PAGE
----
Archers, on the other hand, whatever their personal protection, would have been highly vulnerable in frontal close-quarters collision against men-at-arms. So what happened to them? There seem to be two possibilities.
What did the archers do?
One is that they withdrew from the main battle-line to the flanks and the rear. Circumstantial evidence for this is supplied by an incident during the Battle of Barnet. At one point, the Marquis of Montagu’s archers mistook Lancastrians returning to the battlefield for enemies and opened fire on them. Since the battle-lines had turned through about 45° by this point, the Lancastrian returnees were approaching Montagu’s flank; archers stationed here and in the rear of the main battle would have been ideally placed to deliver the fire in question.
But this incident could also be accommodated if we assumed the second possibility: that the English had perfected – in so far as they could be perfected – the tactics of working ‘bow and bill’ in harness. This, after all, is precisely what they had done at Agincourt, where archers were stationed in the main line, a wedge on either flank, and two wedges between three separate contingents of men-at-arms; the archers thus deployed fought in the main line throughout the battle.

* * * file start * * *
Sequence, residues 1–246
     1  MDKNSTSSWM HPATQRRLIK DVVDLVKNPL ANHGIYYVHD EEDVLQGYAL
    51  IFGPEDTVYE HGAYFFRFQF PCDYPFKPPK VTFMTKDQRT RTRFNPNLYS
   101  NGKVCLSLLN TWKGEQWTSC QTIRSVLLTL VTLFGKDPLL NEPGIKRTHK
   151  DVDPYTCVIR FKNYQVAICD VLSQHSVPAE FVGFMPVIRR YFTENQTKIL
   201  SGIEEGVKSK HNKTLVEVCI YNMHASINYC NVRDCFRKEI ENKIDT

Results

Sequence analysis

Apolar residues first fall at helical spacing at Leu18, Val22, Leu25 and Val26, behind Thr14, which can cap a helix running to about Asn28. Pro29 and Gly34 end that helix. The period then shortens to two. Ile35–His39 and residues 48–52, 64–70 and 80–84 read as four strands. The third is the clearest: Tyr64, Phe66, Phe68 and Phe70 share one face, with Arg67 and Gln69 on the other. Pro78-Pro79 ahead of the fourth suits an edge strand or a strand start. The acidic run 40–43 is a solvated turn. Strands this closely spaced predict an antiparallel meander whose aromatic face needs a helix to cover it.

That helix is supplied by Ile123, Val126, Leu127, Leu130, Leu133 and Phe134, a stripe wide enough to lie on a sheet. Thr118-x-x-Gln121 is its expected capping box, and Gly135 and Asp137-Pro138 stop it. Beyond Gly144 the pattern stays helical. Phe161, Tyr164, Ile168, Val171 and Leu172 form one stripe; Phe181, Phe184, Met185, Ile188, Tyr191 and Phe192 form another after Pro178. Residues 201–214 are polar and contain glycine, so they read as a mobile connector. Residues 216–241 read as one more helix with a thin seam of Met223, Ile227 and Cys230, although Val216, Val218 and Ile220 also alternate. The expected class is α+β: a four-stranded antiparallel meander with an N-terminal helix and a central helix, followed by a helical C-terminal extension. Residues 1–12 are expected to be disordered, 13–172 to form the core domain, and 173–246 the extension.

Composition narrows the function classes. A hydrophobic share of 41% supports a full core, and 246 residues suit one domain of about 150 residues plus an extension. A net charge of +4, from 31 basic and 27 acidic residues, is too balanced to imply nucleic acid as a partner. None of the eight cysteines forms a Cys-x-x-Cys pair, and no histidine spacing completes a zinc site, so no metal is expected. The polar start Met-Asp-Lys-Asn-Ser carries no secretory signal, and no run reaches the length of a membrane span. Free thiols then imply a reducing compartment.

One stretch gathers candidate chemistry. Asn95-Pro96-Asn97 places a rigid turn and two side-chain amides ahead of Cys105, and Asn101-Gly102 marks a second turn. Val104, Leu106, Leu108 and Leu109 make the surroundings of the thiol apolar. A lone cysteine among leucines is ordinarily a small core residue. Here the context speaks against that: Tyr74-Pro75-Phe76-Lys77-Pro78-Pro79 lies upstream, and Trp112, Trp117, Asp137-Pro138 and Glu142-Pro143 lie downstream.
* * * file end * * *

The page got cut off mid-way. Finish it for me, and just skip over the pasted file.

The ‘pike and shot’ warfare of the 16th and 17th centuries would involve careful choreographing of the deployment and movement of pikemen and musketeers, such that both fire and shock action could continue in combination, the one supporting the other.
Was this anticipated in late 15th-century English warfare in comparable combinations of archers and men-at-arms in the front-line? Did some at least of the archers withdraw to positions either side of the blocs of men-at-arms, perhaps echeloned slightly back, but able to provide fire support and to enter the mêlêe should opportunity arise – as at Agincourt?
We simply do not know the answers. We do not know whether it was managed routinely, occasionally, or not at all; and if it was managed, we do not how. The historical sources are not much help, for though they give no impression of archers in the main line once the men-at-arms have crossed bills, we know they are wholly preoccupied with the doings of the gilded elite, and rarely deign to tell us much about what the lowly archers were up to.
Still, we can be certain of one thing: it was invariably the clash between rival blocs of men-at-arms that determined the outcome in the battles of the Wars of the Roses. So let us refocus on this.
In a major battle like Barnet, we can assume that there were between 2,000 and 3,000 men-at-arms on either side, organised in three ‘battles’, making each of these somewhere between 650 and 1,000 men. This, of course, is the approximate size of a standard tactical unit of foot throughout much of military history. The Athenian taxis (a subdivision of the phalanx) numbered about 1,000, the Roman cohors (a sub-division of the legion) about 500, and a British infantry battalion from Marlborough’s day to Haig’s about 1,000 at full complement.
The reason is simple: this is the largest mass that is just about manageable as a unified entity on the battlefield. Larger units tend to come apart and fall into disorder. Smaller units lack force and are liable to be overwhelmed by opposing formations.